“Field Trip!” Who doesn’t get excited when those two words are mentioned?
Veterinary Assisting program students from our Carrington College Portland campus get the opportunity to go on regular field trips, thanks to the efforts of Pam Payne, Veterinary Assisting Program Director.
For their latest field trip just last week, 24 students visited Rosse Posse Acres, a 52-acre working elk ranch with approximately 70 head of wild elk, located about an hour from the Portland campus in Molalla, OR.
During a presentation from ranch owner Brenda Ross, students learned about elk behavior in the wild and in captivity, the husbandry of wild & domesticated big game, how to handle large animals, elk dietary needs, and more.
They also learned about their reproductive and digestive systems, their integumentary (skin/hair) system, their dentition, and the difference between antlers and horns. You may not have taken the trip, but why not try our Elk Pop Quiz? Answers found at the foot of the page.
Elk Pop Quiz
1) There are no vaccines available for wild animals, so what vaccines can they use on the elk?
2) True or false – Snow will melt if it lands on a cow, but won’t melt if it lands on an elk.
3) What does an elk have that’s one of the fastest growing animal parts known to man?
4) There are only two animals with ivory in the Pacific North West. What are they?
New Employment Avenues
The value of trips like these isn’t purely in the information they learn about a particular species, as Pam explains;
“It allows them to see other kinds of places they could work. Most people go into veterinary assisting thinking they’ll end up working for a vet, but that’s not necessarily true. Because of their certificate they can work at farms, ranches, rehabilitators, shelters, and all these other places that they may not have even considered, or been aware of. It really opens up new opportunities for them; it gets them thinking about other avenues to explore.”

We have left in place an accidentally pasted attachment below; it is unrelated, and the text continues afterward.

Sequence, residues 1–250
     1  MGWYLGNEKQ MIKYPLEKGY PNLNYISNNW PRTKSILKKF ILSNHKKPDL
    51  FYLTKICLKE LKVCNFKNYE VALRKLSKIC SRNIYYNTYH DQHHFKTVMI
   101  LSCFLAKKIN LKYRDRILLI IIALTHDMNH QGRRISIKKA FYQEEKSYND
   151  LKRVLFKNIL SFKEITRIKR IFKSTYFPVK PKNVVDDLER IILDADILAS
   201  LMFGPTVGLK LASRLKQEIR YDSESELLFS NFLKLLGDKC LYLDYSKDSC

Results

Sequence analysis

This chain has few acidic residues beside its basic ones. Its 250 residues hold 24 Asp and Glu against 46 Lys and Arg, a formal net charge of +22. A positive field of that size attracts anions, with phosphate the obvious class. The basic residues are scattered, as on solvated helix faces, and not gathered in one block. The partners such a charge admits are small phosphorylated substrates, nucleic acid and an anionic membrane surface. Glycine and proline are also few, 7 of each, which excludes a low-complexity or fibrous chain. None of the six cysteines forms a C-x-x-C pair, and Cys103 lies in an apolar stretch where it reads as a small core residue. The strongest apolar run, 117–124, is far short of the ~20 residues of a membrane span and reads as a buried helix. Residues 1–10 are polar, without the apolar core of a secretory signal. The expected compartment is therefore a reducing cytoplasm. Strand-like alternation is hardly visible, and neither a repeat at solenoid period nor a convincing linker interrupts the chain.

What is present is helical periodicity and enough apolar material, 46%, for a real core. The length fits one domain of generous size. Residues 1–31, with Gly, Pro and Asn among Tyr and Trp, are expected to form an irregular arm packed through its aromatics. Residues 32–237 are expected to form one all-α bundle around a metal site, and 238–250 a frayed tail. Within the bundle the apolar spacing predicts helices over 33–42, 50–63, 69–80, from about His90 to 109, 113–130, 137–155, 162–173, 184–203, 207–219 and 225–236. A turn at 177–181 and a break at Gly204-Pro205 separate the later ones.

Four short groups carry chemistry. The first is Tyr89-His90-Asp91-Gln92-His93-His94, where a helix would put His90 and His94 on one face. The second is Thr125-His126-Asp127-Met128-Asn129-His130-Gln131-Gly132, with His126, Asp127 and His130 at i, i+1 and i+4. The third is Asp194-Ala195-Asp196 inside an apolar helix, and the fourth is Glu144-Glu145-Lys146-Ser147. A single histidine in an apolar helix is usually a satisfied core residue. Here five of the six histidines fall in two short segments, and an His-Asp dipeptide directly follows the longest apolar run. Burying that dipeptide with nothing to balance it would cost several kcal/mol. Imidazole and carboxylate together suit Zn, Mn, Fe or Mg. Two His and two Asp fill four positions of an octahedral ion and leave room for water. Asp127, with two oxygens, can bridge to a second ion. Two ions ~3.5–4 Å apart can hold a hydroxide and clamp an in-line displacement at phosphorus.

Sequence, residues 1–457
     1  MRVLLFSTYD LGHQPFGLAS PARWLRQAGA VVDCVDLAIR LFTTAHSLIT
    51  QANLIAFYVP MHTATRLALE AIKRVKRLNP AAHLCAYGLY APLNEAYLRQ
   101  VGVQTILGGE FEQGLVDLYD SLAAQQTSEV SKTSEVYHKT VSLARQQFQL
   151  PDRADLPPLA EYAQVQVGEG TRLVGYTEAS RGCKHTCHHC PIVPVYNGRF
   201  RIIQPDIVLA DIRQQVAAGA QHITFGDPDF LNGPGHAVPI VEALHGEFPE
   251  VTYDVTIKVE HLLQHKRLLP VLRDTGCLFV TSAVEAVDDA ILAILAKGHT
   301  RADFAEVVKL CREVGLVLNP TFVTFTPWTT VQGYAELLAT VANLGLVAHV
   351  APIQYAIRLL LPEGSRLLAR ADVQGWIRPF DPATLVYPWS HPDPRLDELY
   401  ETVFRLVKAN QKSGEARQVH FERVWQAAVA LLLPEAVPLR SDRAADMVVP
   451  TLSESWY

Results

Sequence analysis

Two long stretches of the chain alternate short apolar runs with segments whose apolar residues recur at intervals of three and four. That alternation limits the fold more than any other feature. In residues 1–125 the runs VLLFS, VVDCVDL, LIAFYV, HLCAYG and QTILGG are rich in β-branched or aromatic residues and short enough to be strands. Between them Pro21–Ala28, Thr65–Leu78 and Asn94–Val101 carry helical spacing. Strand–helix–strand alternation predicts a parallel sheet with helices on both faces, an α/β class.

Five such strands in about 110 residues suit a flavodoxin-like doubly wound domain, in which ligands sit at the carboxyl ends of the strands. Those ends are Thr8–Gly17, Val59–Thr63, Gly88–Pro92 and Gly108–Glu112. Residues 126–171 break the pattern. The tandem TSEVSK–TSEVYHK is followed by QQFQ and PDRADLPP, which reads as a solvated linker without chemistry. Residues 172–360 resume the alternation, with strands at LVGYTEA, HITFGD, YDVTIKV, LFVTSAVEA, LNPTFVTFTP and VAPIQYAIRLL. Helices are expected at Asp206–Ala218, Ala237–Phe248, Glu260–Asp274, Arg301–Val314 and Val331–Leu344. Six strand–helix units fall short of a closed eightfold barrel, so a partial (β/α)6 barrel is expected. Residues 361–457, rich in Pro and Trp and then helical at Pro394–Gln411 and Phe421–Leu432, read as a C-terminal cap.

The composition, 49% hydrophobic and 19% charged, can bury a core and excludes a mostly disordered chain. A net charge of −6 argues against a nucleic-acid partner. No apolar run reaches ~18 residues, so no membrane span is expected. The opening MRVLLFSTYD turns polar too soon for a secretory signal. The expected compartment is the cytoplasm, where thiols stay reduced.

Pam gets out to the elk farm about three times a year with different groups, and she tries to have a field trip at least once a month. “We’re visiting a buffalo ranch in September, the Wolf Haven (a rehabilitation center) in October, and hopefully, if I can finalize it, the vet school at OSU in August,” she explained.
Applied Real World Knowledge
The student take-away from field trips to places like the elk farm isn’t so much about the wild animals they encounter, it’s about applying the things they learn to domesticated species, as Pam explains;
“So, for example, an elk is very similar to a bovine (a cow) anatomically. But here’s a wild animal (elk) that eats differently to a domesticated animal (cow), but yet their anatomy is the same? It makes students think about things like how their intestinal tract has to work to digest different things? Or in order to survive in the wild, how does the hair differ from an elk to a cow? When I take them to a dairy farm they’ll be able to see the differences, so these trips brings these things to life.”
As well as elk, Rosse Posse Acres has a small petting zoo with deer, pygmy goats, miniature donkeys, a Patagonian cavy, a wallaby, and some chickens. “Students got to see the hierarchy of goats in action, and how they react to each other and us,” Pam said. “They also got into interact with “Tucker” the wallaby, and not many student vet assistants get the opportunity to do that!”
Pop Quiz Answers
1) Bovine (cattle) vaccines are used on elk.
2) True! It’s to do with how their body heat is retained!
3) Elk Velvet Antler is one of the fastest growing animal parts, able to grow at a rate of an inch or more every day. The velvet begins growing in March, reaches full growth by early August at which time it begins to calcify into hard antler.
4) Elk & Walrus